B105 & maurices
$400 Classroom Award
Northland K-12 teachers, including the communities of Barnum, Carlton, Cloquet, Esko, Duluth, Hermantown, Maple, Proctor, Superior, and Two Harbors, may apply to receive $400 for classroom service-learning opportunities
Service-learning is an evidence-based teaching methodology. Service-learning is an instructional strategy producing good lesson design. Service-learning is a teaching and learning approach that integrates community service with academic standards to build knowledge, character and civic skills in young people and strengthen communities.
What is an example of service learning?
- Cleaning up a river bank is an example of community service.
- Sitting in a science classroom, looking at water samples under a microscope is an example of learning.
- Science students meeting state standards/ learner outcomes by taking samples from local water sources, then analyzing the samples, documenting the results, presenting the scientific information to a pollution control agency, and reflecting on the impact these results may have on future pollution control issues and our own behaviors and attitudes is an example of service learning.
Everyone Wins With Service-Learning
- New partners in their efforts to fulfill their mission
- Prepared and supervised youth volunteers
- New ideas, energy and enthusiasm
- Positive visibility in the school and community
- Opportunities for new funding and other resources
- A new, committed generation of volunteers
- Students are engaged in their education and community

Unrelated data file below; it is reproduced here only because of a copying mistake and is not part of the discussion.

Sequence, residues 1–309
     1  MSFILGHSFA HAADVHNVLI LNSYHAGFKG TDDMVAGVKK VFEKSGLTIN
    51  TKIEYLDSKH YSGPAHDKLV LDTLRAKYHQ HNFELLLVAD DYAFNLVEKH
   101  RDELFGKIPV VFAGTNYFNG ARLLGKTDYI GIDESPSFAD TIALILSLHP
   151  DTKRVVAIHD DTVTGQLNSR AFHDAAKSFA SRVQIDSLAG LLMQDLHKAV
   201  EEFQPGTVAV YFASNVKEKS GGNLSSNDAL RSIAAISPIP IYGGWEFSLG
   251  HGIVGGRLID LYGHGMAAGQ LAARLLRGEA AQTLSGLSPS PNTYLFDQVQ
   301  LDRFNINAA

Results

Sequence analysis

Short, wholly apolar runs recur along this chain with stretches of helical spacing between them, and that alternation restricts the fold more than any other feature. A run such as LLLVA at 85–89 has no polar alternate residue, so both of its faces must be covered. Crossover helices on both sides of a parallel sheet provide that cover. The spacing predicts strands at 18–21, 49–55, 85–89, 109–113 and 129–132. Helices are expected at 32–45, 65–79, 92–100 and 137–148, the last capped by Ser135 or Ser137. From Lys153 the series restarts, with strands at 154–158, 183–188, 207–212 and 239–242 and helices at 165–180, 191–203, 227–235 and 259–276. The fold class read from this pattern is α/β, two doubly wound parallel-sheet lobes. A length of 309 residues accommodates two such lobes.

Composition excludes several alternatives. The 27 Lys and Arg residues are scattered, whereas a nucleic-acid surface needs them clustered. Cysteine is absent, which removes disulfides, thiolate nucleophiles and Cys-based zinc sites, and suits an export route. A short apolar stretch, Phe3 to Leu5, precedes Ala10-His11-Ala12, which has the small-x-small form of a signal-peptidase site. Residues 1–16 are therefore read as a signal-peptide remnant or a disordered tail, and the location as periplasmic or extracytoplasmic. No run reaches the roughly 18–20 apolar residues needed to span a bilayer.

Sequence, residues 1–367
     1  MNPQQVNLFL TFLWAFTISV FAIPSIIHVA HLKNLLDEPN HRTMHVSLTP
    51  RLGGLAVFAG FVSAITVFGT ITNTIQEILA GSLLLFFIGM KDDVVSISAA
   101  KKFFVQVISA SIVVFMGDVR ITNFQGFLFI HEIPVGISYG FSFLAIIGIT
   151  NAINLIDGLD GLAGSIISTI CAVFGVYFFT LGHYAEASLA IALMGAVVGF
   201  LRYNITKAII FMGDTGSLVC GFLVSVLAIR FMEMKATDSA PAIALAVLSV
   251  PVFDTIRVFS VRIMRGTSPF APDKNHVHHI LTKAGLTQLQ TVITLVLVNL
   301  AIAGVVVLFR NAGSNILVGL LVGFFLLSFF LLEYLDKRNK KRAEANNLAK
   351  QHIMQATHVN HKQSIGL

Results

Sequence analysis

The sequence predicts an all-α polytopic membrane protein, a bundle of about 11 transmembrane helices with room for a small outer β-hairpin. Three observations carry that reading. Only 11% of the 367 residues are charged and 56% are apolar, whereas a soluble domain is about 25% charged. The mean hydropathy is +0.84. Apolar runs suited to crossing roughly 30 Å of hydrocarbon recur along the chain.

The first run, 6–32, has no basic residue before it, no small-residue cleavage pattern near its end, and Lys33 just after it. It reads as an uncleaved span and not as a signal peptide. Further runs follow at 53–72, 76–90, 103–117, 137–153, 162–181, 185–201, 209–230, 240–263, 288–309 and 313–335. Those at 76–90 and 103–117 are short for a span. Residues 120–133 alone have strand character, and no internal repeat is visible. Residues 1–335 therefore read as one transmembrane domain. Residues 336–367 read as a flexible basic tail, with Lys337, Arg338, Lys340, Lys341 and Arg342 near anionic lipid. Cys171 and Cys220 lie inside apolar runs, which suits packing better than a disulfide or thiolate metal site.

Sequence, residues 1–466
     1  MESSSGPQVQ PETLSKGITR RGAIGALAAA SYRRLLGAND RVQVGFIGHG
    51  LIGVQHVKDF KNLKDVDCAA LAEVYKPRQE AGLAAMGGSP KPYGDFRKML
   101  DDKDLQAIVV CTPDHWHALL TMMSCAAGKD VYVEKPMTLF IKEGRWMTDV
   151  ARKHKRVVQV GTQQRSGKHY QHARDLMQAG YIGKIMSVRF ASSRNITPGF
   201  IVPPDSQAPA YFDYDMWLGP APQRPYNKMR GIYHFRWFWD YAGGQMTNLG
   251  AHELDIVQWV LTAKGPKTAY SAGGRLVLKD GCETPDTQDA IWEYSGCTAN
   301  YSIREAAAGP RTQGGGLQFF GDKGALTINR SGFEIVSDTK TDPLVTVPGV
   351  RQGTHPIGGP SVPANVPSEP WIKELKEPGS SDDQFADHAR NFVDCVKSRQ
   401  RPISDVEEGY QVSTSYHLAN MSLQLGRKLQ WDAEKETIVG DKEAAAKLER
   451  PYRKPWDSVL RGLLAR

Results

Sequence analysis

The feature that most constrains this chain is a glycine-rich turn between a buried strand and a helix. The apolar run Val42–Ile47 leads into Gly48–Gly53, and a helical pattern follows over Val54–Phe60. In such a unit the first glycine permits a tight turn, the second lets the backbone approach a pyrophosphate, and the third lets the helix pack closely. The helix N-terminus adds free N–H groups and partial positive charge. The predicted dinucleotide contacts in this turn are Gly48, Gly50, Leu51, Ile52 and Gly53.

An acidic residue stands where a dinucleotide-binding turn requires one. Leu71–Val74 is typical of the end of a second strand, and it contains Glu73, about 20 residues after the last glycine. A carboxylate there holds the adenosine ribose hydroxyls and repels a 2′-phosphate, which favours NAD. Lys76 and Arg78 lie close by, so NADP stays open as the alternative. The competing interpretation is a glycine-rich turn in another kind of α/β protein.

- Students learn more readily because they are learning by doing
- Teachers become mentors and guides
- Community members become partners with schools in educating youth
- School climate improves as students take more responsibilities for actions
- Schools come to be seen as a resource within the community
- Personal development
- The young person’s learning is enhanced
- A sense of place and of accomplishment
- A new way of viewing society and the issues within a community
- Valuable leadership experience
- Positive lifestyle choices and behaviors
- By experiences, youth are making a difference
Communities and Society Win:
- Youth become active citizens
- Unmet needs are addressed and problems begin to be solved
- New energy and commitment to the community and for the common good emerges
- Youth come to be seen as resources, instead of problems in the community
- Community members, both young and old, rich and poor, race upon race, can begin to work hand-in-hand together to solve community problems and learn from one another